Global warming posed to threaten barley stock, Ireland could be hit hardest

Beer drinkers are being warned that global warming could affect the price of their pint.

A new study published this week acknowledges that climate change will drive both heat waves and droughts in the latter half of the 21st century, negatively affecting the availability of barley, one of the main ingredients in beer.

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The study found that “decreases in the global supply of barley lead to proportionally larger decreases in barley used to make beer and, ultimately, result in dramatic regional decreases in beer consumption (for example, − 32% in Argentina) and increases in beer prices (for example, + 193% in Ireland).”

The study went on to say that in periods of extreme weather, global barley production could drop as much as 3% to 17%.

Professor Dabo Guan, a member of the research team behind the new study, said: “There is little doubt that for millions of people around the world, the climate impacts on beer availability and price will add insult to injury.”

“If you still want to still have a couple of pints of beer while you watch the football, then climate change [action] is the only way out. This is the key message.”

Professor Steven Davis, another member of the research team, said, “Future climate and pricing conditions could put beer out of reach for hundreds of millions of people around the world.”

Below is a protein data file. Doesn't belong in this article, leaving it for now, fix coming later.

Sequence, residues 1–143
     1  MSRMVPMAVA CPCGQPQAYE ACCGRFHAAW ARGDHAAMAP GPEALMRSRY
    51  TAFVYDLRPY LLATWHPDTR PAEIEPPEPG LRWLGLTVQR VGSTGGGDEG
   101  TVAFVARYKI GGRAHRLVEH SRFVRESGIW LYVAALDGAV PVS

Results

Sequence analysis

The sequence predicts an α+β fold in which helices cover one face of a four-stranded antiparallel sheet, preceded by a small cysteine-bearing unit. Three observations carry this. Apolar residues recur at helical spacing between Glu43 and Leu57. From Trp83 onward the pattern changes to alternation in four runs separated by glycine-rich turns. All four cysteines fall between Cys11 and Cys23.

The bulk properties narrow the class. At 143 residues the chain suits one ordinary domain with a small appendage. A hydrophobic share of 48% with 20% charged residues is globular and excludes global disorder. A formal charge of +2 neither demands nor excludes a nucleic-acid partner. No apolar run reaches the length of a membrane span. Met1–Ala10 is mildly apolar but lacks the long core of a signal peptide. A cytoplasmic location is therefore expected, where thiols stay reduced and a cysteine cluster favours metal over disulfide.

In the worst case scenario, Ireland is forecast to be among the most severely hit, with the price of a pint nearly doubling, and the consumption of beer dropping by about a third. In the best case scenario, the amount of beer drank in Ireland could fall by up to 13%.

Reuters explained that many countries keep reserve stocks of staple crops like corn, rice, and wheat to help in the event of shortages, but barley is not typically included.

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While the news is concerning, some top farmers aren’t too worried just yet. Dwight Little, president the Idaho Grain Producers Association, said, "If warming happens as they say it will, my impression is that it will come in small incremental increases over a long time, and that allows farmers time to change.”

Anheuser-Busch InBev, the world’s biggest brewer, has already started adopting new measures to work around climate change, including a ‘winter barley’ in Idaho that uses moisture from melting snow, cutting the need for irrigation. The company is also dedicated to cutting down on greenhouse gas emissions.